Oh, @!#?@! Q*bert was another one of those games that I had wanted for over a decade, but could never seem to track down locally or at a decent price. Unlike the inflated prices of games like Galaga and Ms. Pac-Man, however, Q*bert’s typically heavier price tag is at least somewhat justified. It’s a undeniable classic, but there just aren’t too many of them floating around anymore. The game is notoriously difficult to keep running, so many were converted to less problematic games back in the waning years of the arcade heyday.
In April of 2015, a collector in NM (1iblind on KLOV) who often travels to AZ, had one listed for sale. The sound wasn’t working (perhaps Q*bert’s most common problem), so it was priced accordingly. He and I struck a deal, and on his next trip out to AZ, he delivered it right to my door. Sweet!
Q*bert’s sound is one of its many charms, so getting that element of the game repaired was a top priority. A big shout-out to Alpha-Tron on KLOV for helping make that happen. He mailed me out a box of spare Q*bert parts, and via private message on the forums, walked me through diagnosing the issue. The problem turned out to be a faulty power supply. He let me keep his working power supply, and I mailed him back the broken one. All he charged me was the cost of the parts to fix the broken one that I sent to him. Classy guy!
I mentioned earlier that Q*bert has an infamous reputation as one of the more difficult games to keep running, and this machine proved that to be true on more than one occasion. Most recently, the monitor went out. I was playing the game, and all of a sudden, poof, there was no picture. Yotsuya from KLOV helped me fix that little hiccup at a local repair party. Q*bert is working 100%, for now, and this game is totally worth the trouble.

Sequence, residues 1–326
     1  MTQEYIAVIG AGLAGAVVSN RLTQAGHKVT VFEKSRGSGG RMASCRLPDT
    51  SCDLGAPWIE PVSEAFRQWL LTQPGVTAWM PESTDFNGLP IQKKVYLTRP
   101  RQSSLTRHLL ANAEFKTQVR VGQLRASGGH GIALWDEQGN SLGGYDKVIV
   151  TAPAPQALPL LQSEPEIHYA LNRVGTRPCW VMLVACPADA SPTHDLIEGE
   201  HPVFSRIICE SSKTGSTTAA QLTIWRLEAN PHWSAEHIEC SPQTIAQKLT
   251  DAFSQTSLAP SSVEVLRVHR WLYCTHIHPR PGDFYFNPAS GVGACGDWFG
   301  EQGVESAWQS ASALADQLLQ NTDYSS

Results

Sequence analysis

Q*bert is the @!#?@! I remember reading that the game was designed specifically so that the player only needed to use one hand: enabling you to navigate the title character, while simultaneously drinking a beer. Brilliant! The controls are unique in that the joysick only moves diagonally, which works really well with the game’s isometric graphics.
Gottlieb, who was known more for their pinball machines than arcade games, creatively integrated a pinball knocker into Q*bert’s game play. If you jump off the edge of the pyramid, you’ll first hear the sound of Q*bert falling, followed by a simulated thud coming from the knocker installed in the cabinet. It’s a cool feature that adds an additional layer of fun to the mix.
My Q*bert machine was in pretty great shape, and featured the alternate “swearing” marquee, which can be purchased from Phoenix Arcade. It also sported a reproduction plexi bezel, which BretBMF from KLOV gave to me for free because he’s awesome like that.
As much as I loved having this game, I sold it in August of 22 in order to help fund the purchase of a Halloween pinball machine.